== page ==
If you were to put an animal with a certain type of seemingly advantageous "trait" into an environment where the trait was not necessarily needed, ex: Putting an animal with a high tolerance for cold into a mild climate, what kind of natural selection occur? Balancing?

  • $\begingroup$ It becomes redundant and has no positive selection pressure, so it becomes vestigial, become intermediary performance, changes in quantity to something useful but less adapted to the extreme, and may even disappear, although highly useful genes tend to stay hidden in the chromosomes for many millions of years rather than just disappear. $\endgroup$ – com.prehensible Feb 14 '19 at 5:18

Recipe for selection

There is selection on a specific phenotypic trait if and only if

  1. There is variance for this trait in the population
  2. This variance is, in part at least, explained by genetic variance
  3. The trait covaries with fitness

The first two points can be reduced to a single point by stating "The trait has some non-zero heritability in the population". For more information about heritability, please have a look at Why is a heritability coefficient not an index of how “genetic” something is?.

This recipe is often called Lewontin recipe.

Applying the recipe to your case

So, in the model you consider, some individuals are cold tolerant and some aren't, so the first point is checked!

We will assume that the difference in cold tolerance is caused by genetic differences. Second point is checked.

Does the trait covary with fitness? As you defined that, in the environment considered, being cold tolerant does not have any impact on fitness, then no, there is no covariance between the trait and fitness. The third point is not checked and therefore, there is no selection happening.

Are you sure there is no cost to being cold tolerant?

Note, btw, that it is not rare to observe (or at least to assume) that some adaptation such as cold tolerance would come at a comparable cost when the environment is warm enough.

For example, increased cold tolerance might be mediated via anti-freeze proteins. The production of such proteins might be costly for the individual. In such case, we would have a covariance between fitness and the trait (cold tolerant individuals would have lower fitness that individuals that are not cold tolerant) and hence selection should act as to reduce the frequency of individuals that are cold tolerant in the population (always assuming an environment that is warm).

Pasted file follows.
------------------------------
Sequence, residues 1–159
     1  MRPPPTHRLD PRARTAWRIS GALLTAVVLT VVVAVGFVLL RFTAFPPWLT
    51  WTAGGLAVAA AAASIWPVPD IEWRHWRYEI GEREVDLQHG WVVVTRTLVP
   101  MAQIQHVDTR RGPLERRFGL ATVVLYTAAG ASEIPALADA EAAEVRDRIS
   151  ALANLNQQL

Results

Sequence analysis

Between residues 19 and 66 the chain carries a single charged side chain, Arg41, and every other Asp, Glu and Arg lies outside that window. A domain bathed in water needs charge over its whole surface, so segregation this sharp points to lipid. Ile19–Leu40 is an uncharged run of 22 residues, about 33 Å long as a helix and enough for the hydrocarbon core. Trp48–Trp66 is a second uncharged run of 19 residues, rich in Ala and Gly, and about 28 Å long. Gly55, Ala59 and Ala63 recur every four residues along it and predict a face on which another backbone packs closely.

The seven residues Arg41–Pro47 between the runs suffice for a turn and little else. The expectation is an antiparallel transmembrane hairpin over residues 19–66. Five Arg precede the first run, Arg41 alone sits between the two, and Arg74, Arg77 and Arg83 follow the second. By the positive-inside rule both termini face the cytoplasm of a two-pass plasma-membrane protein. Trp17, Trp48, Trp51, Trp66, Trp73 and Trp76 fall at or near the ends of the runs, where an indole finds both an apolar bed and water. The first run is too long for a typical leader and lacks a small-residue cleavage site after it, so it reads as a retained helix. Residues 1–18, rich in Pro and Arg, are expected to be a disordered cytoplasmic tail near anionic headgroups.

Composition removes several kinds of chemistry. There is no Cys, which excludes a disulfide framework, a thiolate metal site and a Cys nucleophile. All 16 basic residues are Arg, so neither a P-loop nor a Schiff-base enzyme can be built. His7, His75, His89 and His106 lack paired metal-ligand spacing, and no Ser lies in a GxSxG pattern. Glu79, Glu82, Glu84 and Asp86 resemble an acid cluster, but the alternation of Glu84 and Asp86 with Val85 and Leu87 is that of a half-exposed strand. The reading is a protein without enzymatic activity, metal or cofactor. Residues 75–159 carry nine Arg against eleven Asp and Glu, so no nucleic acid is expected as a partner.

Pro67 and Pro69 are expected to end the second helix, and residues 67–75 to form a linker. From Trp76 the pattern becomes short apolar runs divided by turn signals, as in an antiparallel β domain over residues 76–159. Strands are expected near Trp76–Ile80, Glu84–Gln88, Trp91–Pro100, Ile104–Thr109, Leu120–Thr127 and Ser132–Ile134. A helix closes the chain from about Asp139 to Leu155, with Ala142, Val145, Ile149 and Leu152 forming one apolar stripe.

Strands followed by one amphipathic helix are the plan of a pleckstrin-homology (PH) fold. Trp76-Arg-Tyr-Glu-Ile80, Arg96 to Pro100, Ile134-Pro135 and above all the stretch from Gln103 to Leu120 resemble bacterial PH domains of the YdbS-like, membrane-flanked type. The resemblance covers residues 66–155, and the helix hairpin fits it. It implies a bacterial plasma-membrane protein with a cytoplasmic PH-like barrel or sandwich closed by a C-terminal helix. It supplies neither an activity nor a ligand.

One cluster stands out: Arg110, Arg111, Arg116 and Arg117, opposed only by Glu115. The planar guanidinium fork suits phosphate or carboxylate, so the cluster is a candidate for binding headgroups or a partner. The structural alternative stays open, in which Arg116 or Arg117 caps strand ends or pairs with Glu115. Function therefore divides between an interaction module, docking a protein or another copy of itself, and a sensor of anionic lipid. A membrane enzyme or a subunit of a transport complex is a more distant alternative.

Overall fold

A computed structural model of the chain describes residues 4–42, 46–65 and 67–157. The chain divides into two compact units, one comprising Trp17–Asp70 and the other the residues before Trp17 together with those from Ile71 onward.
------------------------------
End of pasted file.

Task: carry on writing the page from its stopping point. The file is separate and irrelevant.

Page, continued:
What else could cause the frequency of cold tolerance to evolve?

In absence of selection, the frequency of cold tolerance individuals might still evolve in the population. Things like genetic drift, selection at linked site or selection at correlated trait or migration can typically affect this frequency.

| improve this answer | |
  • $\begingroup$ What if I were to phrase the question, "after putting them into the mild climate, would you expect positive, purifying, or balancing selection to occur?" Thus making you choose one? Or is there no grounds for any of the three? $\endgroup$ – BioStudent4451 Feb 14 '19 at 7:38
  • 3
    $\begingroup$ Real world example - Primates' ability to synthesize vitamin C (clearly a good thing for most species) held no benefit to species that ate a very fruit-rich diet, and the vitamin C synthesis pathway gradually accumulated mutations and become non-functional. $\endgroup$ – iayork Feb 14 '19 at 12:43
  • $\begingroup$ @iayork - and would that be a kind of "selection" on the gene? $\endgroup$ – BioStudent4451 Feb 14 '19 at 19:33
  • $\begingroup$ @biostudent4451 it would be the absence of selection, allowing random drift leading to mutational inactivation (possibly also some negative selection reducing metabolic costs but I don't know if that's been demonstrated) $\endgroup$ – iayork Feb 14 '19 at 19:36
  • $\begingroup$ @BioStudent4451 would you expect positive, purifying, or balancing selection to occur? I would expect, no selection. Hence none of the three you mention (assuming mild climate and not fitness trade-off of any kind). $\endgroup$ – Remi.b Feb 14 '19 at 19:46

Your Answer

By clicking “Post Your Answer”, you agree to our terms of service, privacy policy and cookie policy

Not the answer you're looking for? Browse other questions tagged or ask your own question.